martes, 31 de mayo de 2016

MercatorNet: A woman’s right to choose surrogacy

MercatorNet: A woman’s right to choose surrogacy

A woman’s right to choose surrogacy

A Ukrainian clinic uses feminist rhetoric to sell its services
Michael Cook | May 31 2016 | comment 

With an unemployment rate above 9 percent and a quarter of the country living in poverty, a highly educated  population, good medical facilities, and little government interference, Ukraine may be an ideal place for recruiting surrogate mothers.

Here’s an interesting promotional video for a major Ukranian surrogacy clinic, BioTexCom. The company’s website advertises in Ukranian, Chinese, Italian, French, English, German, Spanish, Arabic and Romanian, which gives an idea of the breadth of its market. Its slogan declares, “There is no absolute infertility! We treat even the most hopeless infertility cases.”

BioTexCom is the epitome of commercial surrogacy. There are three levels of service: economy (29,900 Euros), standard (39,900 Euros), and VIP (49,900 Euros). The “standard” service offers pre-implantation genetic diagnosis of embryos, a 4-hour babysitter, paediatric consultation, a hotel in Kiev and gourmet lunches. For “the most fastidious customers” who enrol for the VIP package there is limousine transport, a 9am-6pm babysitter and on-call paediatric advice. Its marketing on the web and social media is professional and energetic. Almost any article on the web about surrogacy will quickly attract a comment from BioTexCom.

The company’s donors are “healthy, attractive and educated women”. Only two out of ten volunteers are said to pass its rigorous tests. The outcome is “long-awaited happiness of parenthood … Save your money and get quality medical service.”

In slightly fractured English, the website’s blog discusses the ethics of surrogate motherhood. It is a controversial topic, BioTexCom acknowledges, but isn’t it a woman’s right to choose?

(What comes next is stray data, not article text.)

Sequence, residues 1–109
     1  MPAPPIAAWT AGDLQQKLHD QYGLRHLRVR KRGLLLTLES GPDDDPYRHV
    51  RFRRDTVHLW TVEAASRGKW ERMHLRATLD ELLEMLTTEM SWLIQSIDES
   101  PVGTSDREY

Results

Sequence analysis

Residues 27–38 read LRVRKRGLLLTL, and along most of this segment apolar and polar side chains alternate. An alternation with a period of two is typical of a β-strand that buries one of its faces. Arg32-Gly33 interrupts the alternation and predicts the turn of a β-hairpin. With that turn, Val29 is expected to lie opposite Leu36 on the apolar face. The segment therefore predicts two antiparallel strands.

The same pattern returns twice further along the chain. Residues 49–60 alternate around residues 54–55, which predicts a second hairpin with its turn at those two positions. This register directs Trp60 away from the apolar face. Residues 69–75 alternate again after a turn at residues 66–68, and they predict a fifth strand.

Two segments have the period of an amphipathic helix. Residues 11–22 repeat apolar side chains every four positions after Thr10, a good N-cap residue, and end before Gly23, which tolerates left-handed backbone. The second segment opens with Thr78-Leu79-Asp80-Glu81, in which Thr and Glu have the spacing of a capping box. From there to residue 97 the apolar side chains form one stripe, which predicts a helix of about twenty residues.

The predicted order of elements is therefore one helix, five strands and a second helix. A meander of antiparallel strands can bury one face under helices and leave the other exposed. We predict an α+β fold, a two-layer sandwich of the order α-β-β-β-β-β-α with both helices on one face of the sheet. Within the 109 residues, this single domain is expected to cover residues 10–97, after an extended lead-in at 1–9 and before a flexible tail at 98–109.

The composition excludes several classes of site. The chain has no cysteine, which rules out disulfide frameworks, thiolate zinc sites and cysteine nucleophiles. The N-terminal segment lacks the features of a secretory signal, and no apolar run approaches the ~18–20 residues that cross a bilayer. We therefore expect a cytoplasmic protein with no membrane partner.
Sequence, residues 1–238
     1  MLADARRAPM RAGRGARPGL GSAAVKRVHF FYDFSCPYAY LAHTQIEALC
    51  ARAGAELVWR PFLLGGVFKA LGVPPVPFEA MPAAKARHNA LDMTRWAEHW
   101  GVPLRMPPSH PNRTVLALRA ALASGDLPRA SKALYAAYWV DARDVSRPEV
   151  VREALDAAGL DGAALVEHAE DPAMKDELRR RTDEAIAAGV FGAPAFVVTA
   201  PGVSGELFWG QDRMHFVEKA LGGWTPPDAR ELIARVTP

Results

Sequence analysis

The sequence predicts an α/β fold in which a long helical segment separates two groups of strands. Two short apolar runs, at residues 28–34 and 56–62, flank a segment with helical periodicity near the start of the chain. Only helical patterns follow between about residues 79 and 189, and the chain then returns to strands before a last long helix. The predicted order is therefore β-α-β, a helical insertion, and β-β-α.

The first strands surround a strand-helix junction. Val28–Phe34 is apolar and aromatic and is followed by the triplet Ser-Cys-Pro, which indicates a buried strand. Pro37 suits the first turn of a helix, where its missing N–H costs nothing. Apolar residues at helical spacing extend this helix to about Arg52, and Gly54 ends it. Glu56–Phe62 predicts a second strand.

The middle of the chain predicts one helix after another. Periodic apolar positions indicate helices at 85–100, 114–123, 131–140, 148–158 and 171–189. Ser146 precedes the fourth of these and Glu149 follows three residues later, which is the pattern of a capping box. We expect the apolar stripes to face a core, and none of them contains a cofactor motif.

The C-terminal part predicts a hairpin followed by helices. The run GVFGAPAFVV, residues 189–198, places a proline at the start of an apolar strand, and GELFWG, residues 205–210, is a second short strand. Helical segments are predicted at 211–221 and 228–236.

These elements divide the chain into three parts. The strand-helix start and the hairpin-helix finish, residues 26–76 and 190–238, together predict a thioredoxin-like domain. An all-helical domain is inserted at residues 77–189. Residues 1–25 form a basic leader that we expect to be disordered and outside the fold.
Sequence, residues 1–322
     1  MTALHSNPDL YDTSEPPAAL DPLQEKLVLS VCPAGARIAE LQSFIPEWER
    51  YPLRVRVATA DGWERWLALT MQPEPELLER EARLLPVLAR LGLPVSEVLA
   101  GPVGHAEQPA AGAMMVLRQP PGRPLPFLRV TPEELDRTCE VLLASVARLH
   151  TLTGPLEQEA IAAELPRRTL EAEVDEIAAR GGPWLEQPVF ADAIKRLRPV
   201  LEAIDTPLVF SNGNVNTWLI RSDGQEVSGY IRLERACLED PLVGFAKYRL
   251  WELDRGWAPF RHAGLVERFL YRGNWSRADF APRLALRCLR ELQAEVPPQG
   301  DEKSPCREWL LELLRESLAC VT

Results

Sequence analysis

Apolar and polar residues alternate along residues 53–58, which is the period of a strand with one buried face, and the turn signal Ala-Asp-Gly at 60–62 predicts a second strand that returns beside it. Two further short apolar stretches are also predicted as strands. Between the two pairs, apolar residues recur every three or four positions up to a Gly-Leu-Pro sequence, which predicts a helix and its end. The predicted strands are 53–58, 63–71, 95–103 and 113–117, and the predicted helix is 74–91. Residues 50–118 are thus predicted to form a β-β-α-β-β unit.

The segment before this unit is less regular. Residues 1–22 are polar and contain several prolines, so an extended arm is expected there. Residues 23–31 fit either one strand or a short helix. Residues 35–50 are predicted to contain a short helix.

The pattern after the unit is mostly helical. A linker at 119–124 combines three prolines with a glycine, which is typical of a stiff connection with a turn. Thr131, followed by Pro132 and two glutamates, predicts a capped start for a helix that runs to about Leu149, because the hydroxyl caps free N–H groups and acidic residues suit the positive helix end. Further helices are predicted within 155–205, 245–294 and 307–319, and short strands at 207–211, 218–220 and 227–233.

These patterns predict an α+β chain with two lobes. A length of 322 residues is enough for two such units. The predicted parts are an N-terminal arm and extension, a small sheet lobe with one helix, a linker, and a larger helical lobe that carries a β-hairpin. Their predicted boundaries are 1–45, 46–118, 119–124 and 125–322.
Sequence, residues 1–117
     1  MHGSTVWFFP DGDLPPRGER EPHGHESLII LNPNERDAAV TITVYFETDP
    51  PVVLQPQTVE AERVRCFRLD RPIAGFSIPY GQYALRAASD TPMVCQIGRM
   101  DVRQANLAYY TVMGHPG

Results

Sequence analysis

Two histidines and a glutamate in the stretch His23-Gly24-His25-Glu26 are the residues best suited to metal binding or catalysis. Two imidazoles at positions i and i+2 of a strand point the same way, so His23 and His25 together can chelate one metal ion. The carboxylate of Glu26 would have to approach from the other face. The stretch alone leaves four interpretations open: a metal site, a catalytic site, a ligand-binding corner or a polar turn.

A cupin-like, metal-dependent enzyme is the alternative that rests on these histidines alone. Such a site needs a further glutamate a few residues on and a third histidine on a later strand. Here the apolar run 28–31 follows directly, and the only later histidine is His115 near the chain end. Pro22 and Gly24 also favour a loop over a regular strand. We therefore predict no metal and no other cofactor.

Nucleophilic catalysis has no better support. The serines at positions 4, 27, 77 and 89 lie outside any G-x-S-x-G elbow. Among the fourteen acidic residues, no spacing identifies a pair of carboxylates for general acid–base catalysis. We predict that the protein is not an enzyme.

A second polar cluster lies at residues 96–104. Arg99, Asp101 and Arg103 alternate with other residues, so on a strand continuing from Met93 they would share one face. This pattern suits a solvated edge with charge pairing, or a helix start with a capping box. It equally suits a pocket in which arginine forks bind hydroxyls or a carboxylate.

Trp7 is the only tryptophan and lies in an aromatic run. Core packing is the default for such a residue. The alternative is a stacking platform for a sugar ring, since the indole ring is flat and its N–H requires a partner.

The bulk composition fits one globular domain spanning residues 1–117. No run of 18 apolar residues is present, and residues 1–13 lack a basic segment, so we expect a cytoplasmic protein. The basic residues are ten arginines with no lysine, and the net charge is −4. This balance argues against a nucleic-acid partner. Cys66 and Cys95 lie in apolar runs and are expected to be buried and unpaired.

“My body is my own business” – One of the fundamental postulates of feminism and democratic society. Women in many countries fight for the right to do abortion, right to wear any clothes which they like without judging and sexual harassment. So why did we decide we have right to choose for surrogate mother, why do we think we are more clever?
Is this the sputtering end of feminism – when a company makes money out of needy women and justifies it as a woman’s right to choose? BioTexCom is clear evidence that commercial surrogacy is commodfying human life and exploiting women.

Michael Cook is editor of MercatorNet.
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When I last looked, there were two internet petitions with 309,000 and 104,000signatures, plus a Facebook page with 115,000 likes, all protesting the death of Harambe, a 17-year-old silverback gorilla who was shot dead in Cincinnati Zoo after a child clambered into his enclosure. Carolyn Moynihan contends [below] that the protesters have their priorities wrong: people come first. 
Serendipitously, this is an application of Fr James Schall's thoughtful essay [below] on how we view reality. Is it something that we determine ourselves or does it arise from a nature inherent in things? The nearly hysterical indignation over the death of Harambe suggests that quite a lot of people have constructed their own system of morality -- and the welfare of humans is not high on its list of priorities. 

Michael Cook 

The world we discover and the world we make
James Schall SJ | FEATURES | 31 May 2016
The fiercest debates today hinge on the question, 'what is reality?'
Even a silver-backed gorilla is not worth more than a child
Carolyn Moynihan | FEATURES | 31 May 2016
Although the hysteria about the shooting of Harambe suggests otherwise.
Memorial Day in America, 2016
Sheila Liaugminas | SHEILA REPORTS | 31 May 2016
We needed the occasion, to remember that America, and our friends abroad, what greatness is.
Islam must be ‘reformed’
Gamal Abd al-Rahim Arabi | ABOVE | 31 May 2016
A Sudanese activist argues that jihadists have hijacked his religion
A solution in search of a name
Michael Cook | CAREFUL! | 31 May 2016
Assisted suicide supporters cannot agree on what to call it
A woman’s right to choose surrogacy
Michael Cook | FEATURES | 31 May 2016
A Ukrainian clinic uses feminist rhetoric to sell its services
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